Prime Minister Erna Solberg used her annual, nationally televised New Year’s address Monday evening to signal more change and government reforms ahead, urging Norwegians to welcome change instead of resisting it. Her own government coalition launched into the New Year on Tuesday by resuming formal negotiations to change and expand itself, with the possible addition of the Liberal Party.
“We have to change if we’re to hang on,” Solberg said, not least in an era of rapidly emerging technology. At a time of digitalization and robots, she claimed that “no one should reach an expiry date themselves.” New training and ongoing restructuring of government and the economy are critical to her goal of creating a “sustainable welfare state” that, she said, will lead to “a new era for our country.”
It was thus widely viewed as music to Solberg’s ears when Liberal Party leader Trine Skei Grande, in an interview during the holidays with news bureau NTB, also stressed the need for “a sustainable welfare state.” Grande was sitting down once again on Tuesday with Solberg and Progress Party leader Siv Jensen, this time for far more serious discussions about joining their non-socialist coalition. They still won’t form a majority government, but there can be strength in numbers and the three party leaders have proven earlier that they have all but mastered the art of compromise. That held Solberg’s and Jensen’s coalition together from 2013 to 2017 and all three seem keen on finding new “solutions” that could allow them to actually rule together.
Tough talks loom over immigration, integration and climate policy, the three areas where the Liberals differ the most, especially from Jensen’s Progress Party. That’s where Solberg’s pragmatism can play an important role, according to political commentator Trine Eilsertsen in newspaper Aftenposten. She views Solberg as one of the most “pragmatic” prime ministers Norway has ever had, taking setbacks on apparently less-important issues in stride in return for pushing forward more important long-term reforms. Municipal and county mergers, major changes in transport policy and competence demands among teachers have emerged as more important than expanded paternity leave, new evaluations of young asylum seekers or new taxes on airline seats and sugar. The negotiations with the Liberals will show where Solberg’s and Jensen’s limits lie.
Solberg’s New Year’s address, meanwhile, was her fifth after her Conservative Party, and her conservative government coalition with the Progress Party, won re-election in September. She refrained from mentioning the crises that have been tearing apart her coalition’s arch rival, the Labour Party, ever since, even as her address was being broadcast.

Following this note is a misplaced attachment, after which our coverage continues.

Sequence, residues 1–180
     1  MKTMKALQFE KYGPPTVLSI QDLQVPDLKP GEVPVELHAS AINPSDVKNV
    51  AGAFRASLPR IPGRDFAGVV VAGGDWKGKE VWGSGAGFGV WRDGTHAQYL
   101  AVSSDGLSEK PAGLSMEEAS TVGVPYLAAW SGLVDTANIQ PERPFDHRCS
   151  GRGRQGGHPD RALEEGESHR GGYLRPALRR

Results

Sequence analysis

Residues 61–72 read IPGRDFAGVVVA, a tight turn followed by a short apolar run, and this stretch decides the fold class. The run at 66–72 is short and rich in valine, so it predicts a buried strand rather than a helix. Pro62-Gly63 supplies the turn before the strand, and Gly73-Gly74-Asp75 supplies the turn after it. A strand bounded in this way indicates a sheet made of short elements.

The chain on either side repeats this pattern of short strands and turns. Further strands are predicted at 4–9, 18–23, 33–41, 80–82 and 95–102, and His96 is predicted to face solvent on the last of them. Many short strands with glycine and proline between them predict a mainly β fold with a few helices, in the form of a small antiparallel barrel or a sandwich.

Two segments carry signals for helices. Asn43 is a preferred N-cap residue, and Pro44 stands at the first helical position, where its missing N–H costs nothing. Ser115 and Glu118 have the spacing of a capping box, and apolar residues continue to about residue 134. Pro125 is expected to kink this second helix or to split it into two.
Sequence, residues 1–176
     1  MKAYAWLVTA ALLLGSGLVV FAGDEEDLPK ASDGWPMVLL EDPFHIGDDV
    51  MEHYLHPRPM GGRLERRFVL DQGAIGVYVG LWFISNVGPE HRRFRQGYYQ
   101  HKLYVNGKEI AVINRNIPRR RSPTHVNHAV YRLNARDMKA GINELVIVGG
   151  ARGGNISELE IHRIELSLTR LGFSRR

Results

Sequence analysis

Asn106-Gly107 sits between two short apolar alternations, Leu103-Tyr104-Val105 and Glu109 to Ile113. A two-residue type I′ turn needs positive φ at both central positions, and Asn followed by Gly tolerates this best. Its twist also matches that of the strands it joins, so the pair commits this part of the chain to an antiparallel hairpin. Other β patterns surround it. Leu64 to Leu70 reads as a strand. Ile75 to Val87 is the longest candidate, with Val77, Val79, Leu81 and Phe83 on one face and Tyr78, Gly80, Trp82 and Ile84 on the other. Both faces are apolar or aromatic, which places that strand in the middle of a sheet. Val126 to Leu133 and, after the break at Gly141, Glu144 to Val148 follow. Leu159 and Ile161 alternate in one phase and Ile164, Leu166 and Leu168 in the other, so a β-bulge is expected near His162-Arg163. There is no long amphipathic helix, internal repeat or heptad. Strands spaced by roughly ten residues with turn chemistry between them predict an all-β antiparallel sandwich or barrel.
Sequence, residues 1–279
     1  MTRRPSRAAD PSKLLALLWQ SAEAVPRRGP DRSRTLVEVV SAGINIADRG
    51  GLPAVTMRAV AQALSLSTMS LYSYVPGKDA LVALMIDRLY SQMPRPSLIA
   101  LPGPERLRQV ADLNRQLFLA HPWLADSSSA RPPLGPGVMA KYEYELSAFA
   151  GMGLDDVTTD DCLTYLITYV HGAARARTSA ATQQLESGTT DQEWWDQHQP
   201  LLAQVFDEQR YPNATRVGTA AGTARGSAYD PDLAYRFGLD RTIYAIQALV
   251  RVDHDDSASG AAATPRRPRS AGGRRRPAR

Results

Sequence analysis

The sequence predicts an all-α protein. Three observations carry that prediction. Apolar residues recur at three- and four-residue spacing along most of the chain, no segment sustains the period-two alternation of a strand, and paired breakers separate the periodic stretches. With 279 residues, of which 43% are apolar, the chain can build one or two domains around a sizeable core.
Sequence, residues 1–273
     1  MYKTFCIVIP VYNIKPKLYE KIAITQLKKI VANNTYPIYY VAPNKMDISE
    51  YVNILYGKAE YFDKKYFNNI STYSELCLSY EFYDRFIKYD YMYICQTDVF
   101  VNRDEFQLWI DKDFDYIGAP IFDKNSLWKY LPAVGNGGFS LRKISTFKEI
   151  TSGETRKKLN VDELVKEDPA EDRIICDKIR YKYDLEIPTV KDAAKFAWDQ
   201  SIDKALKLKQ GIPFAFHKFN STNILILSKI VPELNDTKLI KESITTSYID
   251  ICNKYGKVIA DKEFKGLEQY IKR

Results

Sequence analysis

Solberg chose instead to focus on how most Norwegians are seeing brighter times ahead after the oil price collapse in 2014 that sent the economy into a sudden dive. It’s since been recovering and Solberg spent a lot of time talking about how unemployment is down and job creation is up. Both were key issues in the election campaign against Labour, which failed to win voters with its much bleaker assessment. Even Labour has had to admit that the economy has recovered, and prospects are high for more growth.
‘Full support’ for new ‘freedom generation’
Then Solberg headed into what Aftenposten called her “most important” New Year’s message, about important change also on the social front. Solberg won kudos for praising how minority women in Norway are now daring to push for their own reforms within immigrant communities known for exerting social control. These “brave young women” have called themselves “shameless,” and Solberg hailed their creation of a frihetsgenerasjon (literally,freedom generation ) that has her “full support.” She noted how new first- and second-generation immigrants want to decide for themselves how to live their lives and make their voices heard, despite the “serious threats” they face and “agitation” they’re stirring up. Aftenposten, which called Solberg’s address her best ever, editorialized on Tuesday that Solberg was also “wise” to recognize the concerns of minority parents and include them in her appeal for support for the new generation.
Solberg’s address was also the first by a prime minister to directly address concerns about how Norwegians’ largely liberal values are challenged by “a new type of social debate” characterized by harder words. She urged Norwegians to be more critical about debate on social media, for example, and to reject attempts at polarization and intolerance.
Nancy Herz, one of the leaders of the new “freedom generation,” told Norwegian Broadcasting (NRK) after Solberg’s address that she greatly appreciated the support from Solberg. “It’s fine recognition of our work,” she said, “and of the experiences among those who feel how (various concepts of) shame and honour limit their lives.”
Herz, who was among three young minority women to win a major Freedom of Expression award in Norway last year from the prestigious Fritt Ord (Free Word) organization, stressed that support from Solberg isn’t enough, though. She challenged the prime minister herself to send a “clear message” to some members of her own government “that it’s not acceptable to use polarizing rhetoric” to create policy. Herz refrained from naming any names, claiming instead that all politicians carry the responsibility.